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Showing posts from April, 2007

Another car nut.

Over at Counting Sheep, Jo's father has a new toy , a Willys Jeepster, the original two-wheel-drive four-wheel-drive. If you can see a family resemblance with a Jeep Wrangler that's because the Willys is its great-grandfather. Now what's that parked next to the Willys? Looks like a nicely-preserved Jaguar Mark II with wire wheels. That would make weekend motoring a delicious choice. Round here, it's Pick Your Volvo. I might have to broaden my automotive tastes.

Weekend weather forecast: rain. Weekend kitchen forecast: long, slow, aromatic cooking.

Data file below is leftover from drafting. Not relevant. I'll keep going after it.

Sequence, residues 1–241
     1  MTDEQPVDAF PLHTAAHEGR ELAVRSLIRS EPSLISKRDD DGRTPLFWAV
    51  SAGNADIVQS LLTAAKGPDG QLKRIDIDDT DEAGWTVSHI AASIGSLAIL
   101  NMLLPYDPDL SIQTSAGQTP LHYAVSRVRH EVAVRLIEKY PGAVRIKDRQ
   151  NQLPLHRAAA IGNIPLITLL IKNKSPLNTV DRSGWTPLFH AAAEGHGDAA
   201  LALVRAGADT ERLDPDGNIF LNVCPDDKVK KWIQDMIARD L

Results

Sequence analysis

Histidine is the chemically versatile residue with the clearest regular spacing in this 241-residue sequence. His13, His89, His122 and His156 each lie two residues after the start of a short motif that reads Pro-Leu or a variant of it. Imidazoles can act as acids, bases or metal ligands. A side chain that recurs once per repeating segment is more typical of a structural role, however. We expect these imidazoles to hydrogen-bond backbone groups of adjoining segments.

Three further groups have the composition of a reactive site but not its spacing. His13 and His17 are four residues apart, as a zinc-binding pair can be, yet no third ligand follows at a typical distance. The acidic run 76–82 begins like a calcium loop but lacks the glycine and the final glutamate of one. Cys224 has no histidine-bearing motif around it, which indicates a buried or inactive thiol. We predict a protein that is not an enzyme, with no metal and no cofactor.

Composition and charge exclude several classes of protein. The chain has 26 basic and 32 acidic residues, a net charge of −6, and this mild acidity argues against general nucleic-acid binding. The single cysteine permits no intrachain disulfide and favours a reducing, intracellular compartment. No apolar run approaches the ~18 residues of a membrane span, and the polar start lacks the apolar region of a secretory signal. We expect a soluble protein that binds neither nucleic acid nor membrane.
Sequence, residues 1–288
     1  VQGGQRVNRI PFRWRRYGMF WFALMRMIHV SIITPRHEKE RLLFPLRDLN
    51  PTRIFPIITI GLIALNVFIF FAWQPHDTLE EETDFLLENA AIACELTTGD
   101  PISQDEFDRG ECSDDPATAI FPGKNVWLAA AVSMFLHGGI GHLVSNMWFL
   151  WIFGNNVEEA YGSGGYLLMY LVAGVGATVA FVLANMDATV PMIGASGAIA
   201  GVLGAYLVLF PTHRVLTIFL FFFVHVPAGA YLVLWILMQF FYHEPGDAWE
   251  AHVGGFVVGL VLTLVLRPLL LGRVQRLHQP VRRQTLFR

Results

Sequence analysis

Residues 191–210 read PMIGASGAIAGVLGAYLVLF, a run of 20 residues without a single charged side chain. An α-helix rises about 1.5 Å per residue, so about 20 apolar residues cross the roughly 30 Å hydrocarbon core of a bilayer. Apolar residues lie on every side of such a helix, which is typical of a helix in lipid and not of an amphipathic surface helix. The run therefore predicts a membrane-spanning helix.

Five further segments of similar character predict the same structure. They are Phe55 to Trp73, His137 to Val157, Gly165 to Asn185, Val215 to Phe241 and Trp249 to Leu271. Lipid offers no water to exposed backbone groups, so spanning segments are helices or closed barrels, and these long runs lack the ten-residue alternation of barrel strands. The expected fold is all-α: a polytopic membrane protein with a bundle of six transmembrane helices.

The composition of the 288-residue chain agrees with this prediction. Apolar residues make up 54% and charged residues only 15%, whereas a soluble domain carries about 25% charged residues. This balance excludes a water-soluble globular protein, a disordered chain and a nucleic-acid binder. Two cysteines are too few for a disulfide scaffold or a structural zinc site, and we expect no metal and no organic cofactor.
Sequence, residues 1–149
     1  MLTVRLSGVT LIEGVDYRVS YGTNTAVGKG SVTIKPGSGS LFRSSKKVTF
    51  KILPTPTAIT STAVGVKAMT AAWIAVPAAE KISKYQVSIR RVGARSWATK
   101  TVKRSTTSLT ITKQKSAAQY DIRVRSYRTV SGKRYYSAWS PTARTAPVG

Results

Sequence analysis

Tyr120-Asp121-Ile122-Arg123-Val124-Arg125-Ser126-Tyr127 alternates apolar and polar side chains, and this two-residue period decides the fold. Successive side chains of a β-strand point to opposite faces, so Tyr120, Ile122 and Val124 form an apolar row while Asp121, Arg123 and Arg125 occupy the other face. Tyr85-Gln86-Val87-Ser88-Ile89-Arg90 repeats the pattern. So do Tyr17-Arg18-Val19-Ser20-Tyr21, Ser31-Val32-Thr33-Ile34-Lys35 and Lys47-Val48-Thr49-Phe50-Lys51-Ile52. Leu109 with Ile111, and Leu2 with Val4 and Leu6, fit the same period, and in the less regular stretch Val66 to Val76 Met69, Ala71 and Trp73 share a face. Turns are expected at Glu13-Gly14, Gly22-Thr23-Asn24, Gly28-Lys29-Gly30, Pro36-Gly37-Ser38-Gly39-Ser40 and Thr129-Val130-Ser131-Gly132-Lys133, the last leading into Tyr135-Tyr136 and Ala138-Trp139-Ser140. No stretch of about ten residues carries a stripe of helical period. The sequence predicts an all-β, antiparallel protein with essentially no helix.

Lamb shanks with rosemary, red wine and a head of garlic. Rosemary comes to the fore in this highly aromatic dish which will have family, friends, neighbours, random people passing by your front door etc swooning, because of the aroma. A whole bottle of red wine and a dozen cloves of garlic makes it irresistibly rich. Carrots add a further sweet dimension. It's easy. The hardest part is battling the wet weekend crowds to get to the butcher for the shanks. Place six lamb shanks in a plastic bag with a tablespoon of flour and salt and pepper. Brown them three ate a time in olive oil a heavy pot. Remove browned shanks to a bowl and place two chopped onions, three carrots chopped into fat rounds and twelve minced garlic cloves in the pot. Turn the heat down and sweat them for about ten minutes. Now add: a bottle of red wine (not the Grange or Hill of Grace - a Lindeman's Bin line is fine); two cans of tomatoes; three cups of chicken stock; a tablespoon of fresh rosemary a